One of the things I want to try to do with Camden Chat this season is focus more on what's happening down on the farm. All things considered, that's a huge part of the story of the Baltimore Orioles these days, which is a great, great thing.
In the past, there just hasn't been a whole lot to talk about. Now, maybe there is.
I don't claim to be a great prospects brain or anything like that -- this is a list composed simply because I like making lists, I like prospect talk, and I can read stat sheets and scouting reports the same as any of you can. If you want to get better in-depth prospect analysis, I highly recommend, as always, John Sickels' Minor League Ball or Baseball Prospectus, among many others.
First off, there's one guy I left off that makes every O's list, and that's Jim Hoey. There is not a bigger non-believer in Hoey than me, probably. I firmly admit this, and you're free to think I'm an idiot. He's at least fairly well regarded by almost everyone else. Anyone who's seen Hoey pitch knows that he's got a big fastball that is straight as an arrow and nothing else. He's the new Matt Anderson. I'd be pleased as punch if Hoey proved me wrong, but I don't think that's happening.
Without any further ado, let's get talking about the kids that'll be spending most of their days in Norfolk, Bowie, Frederick, or Delmarva, plus a couple of cats that are already on the O's but haven't quite passed out of prospectdom just yet.
19. Randor Bierd, RHP
Nice Rule 5 pickup from the Tigers, he put up a 5-to-1 K-to-BB ratio at Double-A Erie last season and is just 24. Bierd and I share the same birthday, too, which I just now found out -- he's exactly two years younger than I am. So happy belated, Randor, and congrats on making the team! Enjoy your sharp new suit.
18. Matt Albers, RHP
Already in the show last season with the Astros, he still came into 2008 more a prospect than anything else. He looked good in his O's debut on Opening Day, relieving a spent Jeremy Guthrie and at least holding down the fort at a 6-2 disadvantage. He went 4-11, 5.86/1.60 with Houston in 110 2/3 innings pitched in 2007. He'll wind up in the O's rotation before too long if Brian Burres lives up to his reputation.
17. Scott Moore/Mike Costanzo, 3B
They are the exact same player.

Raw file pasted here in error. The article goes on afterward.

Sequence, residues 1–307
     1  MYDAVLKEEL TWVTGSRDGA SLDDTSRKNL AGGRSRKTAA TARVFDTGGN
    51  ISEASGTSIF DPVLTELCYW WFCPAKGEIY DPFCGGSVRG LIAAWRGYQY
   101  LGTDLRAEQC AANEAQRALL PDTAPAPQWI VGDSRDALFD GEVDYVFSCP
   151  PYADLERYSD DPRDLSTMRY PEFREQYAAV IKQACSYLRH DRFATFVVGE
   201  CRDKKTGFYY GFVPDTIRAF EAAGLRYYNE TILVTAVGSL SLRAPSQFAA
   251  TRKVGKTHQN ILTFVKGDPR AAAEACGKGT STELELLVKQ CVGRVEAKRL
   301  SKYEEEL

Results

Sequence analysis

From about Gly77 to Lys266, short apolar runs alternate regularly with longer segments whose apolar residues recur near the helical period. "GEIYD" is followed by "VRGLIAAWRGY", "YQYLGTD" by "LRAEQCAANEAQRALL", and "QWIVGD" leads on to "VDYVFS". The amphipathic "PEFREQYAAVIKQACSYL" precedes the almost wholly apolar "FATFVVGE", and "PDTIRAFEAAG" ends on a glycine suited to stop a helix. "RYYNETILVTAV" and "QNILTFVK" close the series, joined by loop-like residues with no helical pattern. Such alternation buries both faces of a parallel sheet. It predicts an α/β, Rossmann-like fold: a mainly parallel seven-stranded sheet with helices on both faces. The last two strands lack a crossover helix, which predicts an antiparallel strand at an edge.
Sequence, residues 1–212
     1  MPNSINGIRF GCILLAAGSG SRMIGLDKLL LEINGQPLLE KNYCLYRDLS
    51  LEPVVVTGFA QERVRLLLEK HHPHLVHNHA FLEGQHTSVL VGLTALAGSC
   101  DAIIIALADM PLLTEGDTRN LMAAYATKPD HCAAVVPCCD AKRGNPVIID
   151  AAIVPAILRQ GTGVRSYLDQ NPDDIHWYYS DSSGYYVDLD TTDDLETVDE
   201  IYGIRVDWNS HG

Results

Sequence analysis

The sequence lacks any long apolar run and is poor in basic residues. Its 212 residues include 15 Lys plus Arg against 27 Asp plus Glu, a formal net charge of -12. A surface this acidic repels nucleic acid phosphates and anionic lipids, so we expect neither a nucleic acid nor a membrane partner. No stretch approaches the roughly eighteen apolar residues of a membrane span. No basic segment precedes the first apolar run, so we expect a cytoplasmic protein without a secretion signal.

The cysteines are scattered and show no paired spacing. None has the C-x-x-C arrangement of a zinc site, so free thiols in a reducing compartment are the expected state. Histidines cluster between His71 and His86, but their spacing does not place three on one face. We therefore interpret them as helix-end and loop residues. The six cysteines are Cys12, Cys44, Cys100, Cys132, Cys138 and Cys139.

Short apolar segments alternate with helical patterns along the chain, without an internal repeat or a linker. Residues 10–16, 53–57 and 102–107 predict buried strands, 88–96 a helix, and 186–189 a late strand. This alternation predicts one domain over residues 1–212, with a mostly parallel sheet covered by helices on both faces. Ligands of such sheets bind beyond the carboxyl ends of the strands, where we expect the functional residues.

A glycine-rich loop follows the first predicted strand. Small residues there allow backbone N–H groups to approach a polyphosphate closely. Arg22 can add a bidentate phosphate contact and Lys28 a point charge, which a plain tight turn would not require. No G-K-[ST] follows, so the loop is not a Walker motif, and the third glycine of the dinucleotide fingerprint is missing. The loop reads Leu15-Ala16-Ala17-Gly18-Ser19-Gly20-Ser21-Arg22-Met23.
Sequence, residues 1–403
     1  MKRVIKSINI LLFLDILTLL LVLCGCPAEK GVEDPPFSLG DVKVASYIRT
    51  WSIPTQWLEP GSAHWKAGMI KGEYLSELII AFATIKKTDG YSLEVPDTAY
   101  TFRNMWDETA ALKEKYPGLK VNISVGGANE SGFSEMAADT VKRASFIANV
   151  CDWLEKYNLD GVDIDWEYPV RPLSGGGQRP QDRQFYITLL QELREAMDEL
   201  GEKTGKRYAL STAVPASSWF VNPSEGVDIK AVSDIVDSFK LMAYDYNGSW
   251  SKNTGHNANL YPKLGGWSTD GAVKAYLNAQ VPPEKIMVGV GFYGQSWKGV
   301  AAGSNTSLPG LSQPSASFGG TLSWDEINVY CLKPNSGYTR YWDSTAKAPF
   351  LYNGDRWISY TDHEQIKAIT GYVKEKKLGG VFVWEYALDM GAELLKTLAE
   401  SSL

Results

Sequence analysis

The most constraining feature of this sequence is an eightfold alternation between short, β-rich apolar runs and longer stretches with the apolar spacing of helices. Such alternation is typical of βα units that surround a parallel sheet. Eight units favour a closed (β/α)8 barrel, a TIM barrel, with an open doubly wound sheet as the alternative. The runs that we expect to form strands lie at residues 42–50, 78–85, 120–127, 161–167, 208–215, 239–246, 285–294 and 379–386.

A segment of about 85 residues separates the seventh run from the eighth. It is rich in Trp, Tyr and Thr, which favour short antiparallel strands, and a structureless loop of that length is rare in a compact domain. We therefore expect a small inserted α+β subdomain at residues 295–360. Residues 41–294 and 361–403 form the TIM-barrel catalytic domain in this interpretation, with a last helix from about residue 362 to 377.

Moore was born on November 17, 1983; Costanzo was born on September 9, 1983.
Moore's career minor league line is .260/.348/.449. Costanzo's is .266/.364/.456.
Moore is 6'2"; Costanzo is 6'3".
Both bat left, throw right.
Both were willing to try any position necessary this spring. Costanzo gave catching a shot, while Moore was all over the place.
Moore was a nice pickup from the Cubs in the Trax trade, and we got Costanzo as part of the Tejada package, seemingly a throw-in more than anything else.
I have no idea how any system can have both of these players, but the Orioles have done it. The difference now is that Costanzo is a Norfolk Tide, while Moore is with the big club. We will also owe Scott Moore a debt of gratitude for being the player that pushed Jay Gibbons into the land of in-season free agency.
13. Brandon Snyder, 1B
Snyder is still only 21 -- in fact, he could only legally buy a beer in this country last November. He had an OKish sort of season at Delmarva last year (.283/.354/.422, 11 HR, 118 G) that won't get anyone excited but isn't rights for dismissal just yet either. It wasn't but a couple of years ago that Snyder came into the draft regarded by many as the best high school hitter out there. He was a catcher then, had a brief affair with third base, and now he's over at first. At every position he's been trying, he's now blocked by one of two guys, most likely. I really like Snyder because of that time his mom posted on CC (and just because I was excited about the O's finally making a draft pick that was worth getting excited over), but the realistic side of this is he'll need more power to carry first base, and he's not going to be catching. He's one of my favorite players in the system. And he whomped ass in the Hawaiian Winter League, which re-fueled my hopes for Snyder's future.